Background Physical activity may counteract the adverse effects of adiposity on cardiovascular mortality; however, the evidence of a similar effect on diabetes is sparse. This study examines whether physical activity may compensate for the adverse effect of adiposity on diabetes risk.
Methods The study population consisted of 38 231 individuals aged 20 years or more who participated in two consecutive waves of the prospective longitudinal Nord-Trøndelag Health Study in Norway: in 1984–1986 and in 1995–1997. A Poisson regression model with SEs derived from robust variance was used to estimate adjusted risk ratios of diabetes between categories of body mass index and physical activity.
Results Risk of diabetes increased both with increasing body mass (Ptrend <0.001) and with decreasing physical activity level (Ptrend <0.001 in men and 0.01 in women). Combined analyses showed that men who were both obese and had low activity levels had a risk ratio of 17 (95% CI 9.52 to 30) compared to men who were normal weight and highly active, whereas obese men who reported high activity had a risk ratio of 13 (95% CI 6.92 to 26). Corresponding analysis in obese women produced risk ratios of 15 (95% CI 9.18 to 25) and 13 (95% CI 7.42 to 21) among women reporting low and high activity levels, respectively.
Conclusions This study shows that overweight and obesity are associated with a substantially increased risk of diabetes, particularly among those who also reported being physically inactive. High levels of physical activity were associated with a lower risk of diabetes within all categories of body mass index, but there was no clear evidence that being physically active could entirely compensate for the adverse effect of adiposity on diabetes risk.
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Strengths and limitations of this study
This is a large population-based longitudinal study of the joint association of body mass index and physical activity with diabetes risk.
The questionnaire-based diabetes diagnoses have been validated by comparison with medical records, and were verified in 96% of the cases.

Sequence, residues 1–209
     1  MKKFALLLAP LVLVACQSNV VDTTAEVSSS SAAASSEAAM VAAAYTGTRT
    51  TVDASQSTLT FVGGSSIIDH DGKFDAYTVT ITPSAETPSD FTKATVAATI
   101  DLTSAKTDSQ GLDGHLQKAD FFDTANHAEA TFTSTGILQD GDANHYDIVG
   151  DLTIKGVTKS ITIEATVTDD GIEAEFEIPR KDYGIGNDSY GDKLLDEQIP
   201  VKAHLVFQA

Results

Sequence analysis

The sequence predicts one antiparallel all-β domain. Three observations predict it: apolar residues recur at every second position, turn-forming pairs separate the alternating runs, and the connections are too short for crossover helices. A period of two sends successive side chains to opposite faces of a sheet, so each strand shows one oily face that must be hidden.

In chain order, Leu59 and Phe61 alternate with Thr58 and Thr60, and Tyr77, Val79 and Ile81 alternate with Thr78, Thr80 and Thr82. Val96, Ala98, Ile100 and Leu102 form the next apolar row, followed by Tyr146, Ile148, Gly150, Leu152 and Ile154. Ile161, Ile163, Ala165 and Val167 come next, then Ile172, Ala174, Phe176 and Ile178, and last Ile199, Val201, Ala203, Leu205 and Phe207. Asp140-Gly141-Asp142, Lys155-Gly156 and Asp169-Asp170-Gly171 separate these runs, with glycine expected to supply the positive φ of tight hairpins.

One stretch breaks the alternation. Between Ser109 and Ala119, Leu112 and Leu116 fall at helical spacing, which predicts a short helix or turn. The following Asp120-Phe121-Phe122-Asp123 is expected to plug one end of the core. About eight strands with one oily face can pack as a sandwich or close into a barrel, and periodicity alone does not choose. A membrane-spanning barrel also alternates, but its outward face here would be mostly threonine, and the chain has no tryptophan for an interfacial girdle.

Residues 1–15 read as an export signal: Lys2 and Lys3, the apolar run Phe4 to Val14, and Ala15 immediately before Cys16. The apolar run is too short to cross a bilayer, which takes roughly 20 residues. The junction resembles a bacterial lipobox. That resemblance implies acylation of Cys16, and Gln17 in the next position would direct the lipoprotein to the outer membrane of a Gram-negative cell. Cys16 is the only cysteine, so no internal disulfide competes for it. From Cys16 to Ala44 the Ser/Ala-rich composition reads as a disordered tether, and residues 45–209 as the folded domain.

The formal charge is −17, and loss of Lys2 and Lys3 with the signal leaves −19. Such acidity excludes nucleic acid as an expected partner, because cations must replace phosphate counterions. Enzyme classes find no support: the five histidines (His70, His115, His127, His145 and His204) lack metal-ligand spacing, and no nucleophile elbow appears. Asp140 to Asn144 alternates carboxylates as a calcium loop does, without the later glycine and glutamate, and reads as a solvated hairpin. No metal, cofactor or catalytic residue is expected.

We were unable to differentiate between type 1 and type 2 diabetes, but the ratio of type 2 vs type 1 is not likely to be differential between exposure groups.
We lacked information on diet and family history of diabetes, and cannot exclude possible confounding from these factors.
Adiposity is the single most important predictor of diabetes,1–5 but physical inactivity has also been related to an increased risk.6–10 The protective effect of physical activity on the development of diabetes is primarily linked to improved insulin sensitivity and glucose metabolism,11 and a reduction in body weight is not necessary for a beneficial impact on glycaemic control.12
The combined effects of body mass index (BMI) and physical activity has been investigated in relation to cardiovascular mortality, under the hypothesis that high levels of physical activity may cancel out the adverse effects of adiposity.13 ,14 However, whether physical activity may compensate for the increased risk of adiposity-induced diabetes has been sparsely studied. Two previous studies have examined the joint association of adiposity and physical activity on the risk of diabetes in women only, and both reported that the influence of adiposity was larger than that of physical inactivity.5 ,15
The objective of this study was to prospectively examine both the independent and combined effects of physical activity and adiposity on the risk of diabetes in a large prospective longitudinal study of Norwegian men and women. More specifically, we examined whether physical activity can compensate for the adverse effects of adiposity on the risk of diabetes.
The present study uses information from the Nord-Trøndelag Health Study (HUNT) in Norway, where all residents aged 20 years or more were invited to participate. In the first study (HUNT1, 1984–198686), 85 100 people were eligible to participate and 74 977 (88%) accepted the invitation. In the second study (HUNT2, 1995–1997) 66 140 (71%) participated of 92 936 eligible individuals.
Included in the study sample are the 45 925 people who participated at HUNT1 and HUNT2. Of those, we excluded 606 individuals who had diabetes at baseline, 36 due to missing information on diabetes status, height or weight, and 5 since they were below 20 years of age at baseline. A total of 6772 individuals failed to answer the questionnaire that contained information on physical activity, and were thus excluded from the analysis of physical activity. Finally, 93 individuals were excluded because of missing information on the outcome variable diabetes at HUNT2. Thus, 38 413 individuals (18 019 men and 20 394 women) were included in analyses involving physical activity measures and 45 185 individuals (21 210 men and 23 975 women) were included in analyses of BMI alone.
All participants completed comprehensive questionnaires and underwent a clinical examination. The collected data included information on lifestyle and health-related factors such as self-reported measures of physical activity, smoking, alcohol consumption and level of education, as well as clinical measurements of blood pressure, blood glucose levels, heart rate, height and weight. A detailed description of procedures and methods is found at http://www.ntnu.edu/hunt.
Information on the outcome variable at HUNT2, whether an individual had developed diabetes after 11 years of follow-up, was obtained from the question “Do you have or have you had diabetes?”. This questionnaire-based diabetes diagnoses have been validated by comparison with medical records, and were verified in 96% of the cases.16